Pope Francis’ recent motu proprio, Magnum Principium (“The Great Principle”) has opened the way for a more relatable translation of the Mass and other prayers, but New Zealand Church leaders said a new English translation would not happen any time soon.
Auckland Bishop Patrick Dunn, New Zealand Catholic Bishops Conference president, said there will be a little more clarity on the matter after the International Commission on English in the Liturgy meeting this month.
Bishop Dunn left on October 12 to attend the meeting in Washington, DC which was to be held on October 12-16. ICEL has representation from 11 Catholic bishops’ conferences in countries where English is used in the celebration of Mass.
NZCBC secretary Palmerston North Bishop Charles Drennan urged “pazienza — patience”.
“What happens next? It is too early to say. What I can say is what we all know: a better translation of the Mass is possible,” he said in an opinion piece in the Wellington archdiocese and Palmerston North diocese publication Wel-Com.
Bishop Drennan said the motu propio is about how the Pope sees the Church.
“He is reminding us that the universality of the Church means that every culture is called to contribute to the understanding of our Catholic belief that Jesus Christ is the universal saviour of every generation and people,” he said.
In Magnum Principium, Pope Francis said, “The great principle, established by the Second Vatican Ecumenical Council, according to which liturgical prayer be accommodated to the comprehension of the people so that it might be understood, required the weighty task of introducing the vernacular language into the liturgy and of preparing and approving the versions of the liturgical books, a charge that was entrusted to the bishops.”
National Liturgy Office director Louise Campbell said this re-establishes the norms first set down in the Constitution on the Sacred Liturgy.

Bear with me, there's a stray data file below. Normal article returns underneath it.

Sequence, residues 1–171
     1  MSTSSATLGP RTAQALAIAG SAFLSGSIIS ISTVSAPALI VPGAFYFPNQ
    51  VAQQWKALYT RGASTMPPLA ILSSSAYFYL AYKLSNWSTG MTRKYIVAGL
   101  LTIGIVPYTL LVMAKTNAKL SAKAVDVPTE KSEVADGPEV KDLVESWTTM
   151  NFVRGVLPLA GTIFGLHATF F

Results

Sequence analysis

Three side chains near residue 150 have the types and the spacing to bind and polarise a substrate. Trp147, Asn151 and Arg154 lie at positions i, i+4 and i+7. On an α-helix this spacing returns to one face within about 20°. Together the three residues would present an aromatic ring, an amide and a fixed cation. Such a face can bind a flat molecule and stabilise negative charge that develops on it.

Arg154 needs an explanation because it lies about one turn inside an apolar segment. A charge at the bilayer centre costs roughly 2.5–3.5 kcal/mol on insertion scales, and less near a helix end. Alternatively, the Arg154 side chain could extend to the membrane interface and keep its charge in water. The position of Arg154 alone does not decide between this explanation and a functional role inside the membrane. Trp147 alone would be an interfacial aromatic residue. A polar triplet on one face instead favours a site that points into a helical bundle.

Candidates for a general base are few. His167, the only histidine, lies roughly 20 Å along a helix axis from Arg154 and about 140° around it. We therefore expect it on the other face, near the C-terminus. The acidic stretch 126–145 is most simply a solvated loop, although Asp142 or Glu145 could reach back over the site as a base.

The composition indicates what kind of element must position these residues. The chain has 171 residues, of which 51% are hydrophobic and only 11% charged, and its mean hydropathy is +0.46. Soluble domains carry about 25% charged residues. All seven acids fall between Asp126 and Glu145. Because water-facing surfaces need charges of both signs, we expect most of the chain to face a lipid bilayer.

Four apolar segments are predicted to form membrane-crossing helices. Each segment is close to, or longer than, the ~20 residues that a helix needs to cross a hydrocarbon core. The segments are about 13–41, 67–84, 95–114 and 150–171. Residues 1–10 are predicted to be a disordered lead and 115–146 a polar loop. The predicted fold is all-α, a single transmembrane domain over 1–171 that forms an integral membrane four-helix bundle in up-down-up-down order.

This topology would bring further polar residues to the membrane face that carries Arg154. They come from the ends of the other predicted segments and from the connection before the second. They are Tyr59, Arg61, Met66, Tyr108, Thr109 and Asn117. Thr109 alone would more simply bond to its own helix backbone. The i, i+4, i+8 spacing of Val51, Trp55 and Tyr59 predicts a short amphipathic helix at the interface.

“It’s really affirming the work they (bishops) have done in the past and putting that responsibility and authority back to them instead of having to thread it through one more additional committee,” she said.
Mrs Campbell said there is already a body of translated text sitting in ICEL offices that had been agreed unanimously by the bishops’ conferences.
“There’s a burning hope that this just may see an opening in which those texts can now be brought back,” she said.
“They (texts) would have to be revised again. And they would have to include prayers for the different saints that have been canonised between now and then. It won’t just happen overnight,” she said.
“But there’s a distinct possibility that those texts could be looked at with fresh eyes and brought forward sooner rather than later as the texts for the praying Church. I’d love to see that,” she said.
The most recent translation of the Mass was introduced six years ago and is often criticised as clunky and awkward with long subordinate clauses due to an almost literal translation from Latin.
Bishop Drennan said he does not see Pope Francis’ move as a step in a tussle between “progressive versus conservative”.
“Pope Benedict’s love for liturgy saw him underline the duty to preserve a sense of the transcendent and reverence,” Bishop Drennan said. “Pope Francis’s love for liturgy sees him underline that liturgy must be comprehensible and should be understood in the context of evangelisation, which draws people in as participants, not observers, of the liturgy. Both are right.”
Mrs Campbell said she does not believe that decentralising the translations will lead to disunity in the Church, as some critics of the motu proprio assert.
“There’s just so many gifts and talents that have to come together to provide a remarkably good translation that no one little group of people has got all that in their own right. But together, bring the best of everybody together, then you’ve got a process and people who can take it forward,” she said. “This is the treasure that ICEL is.”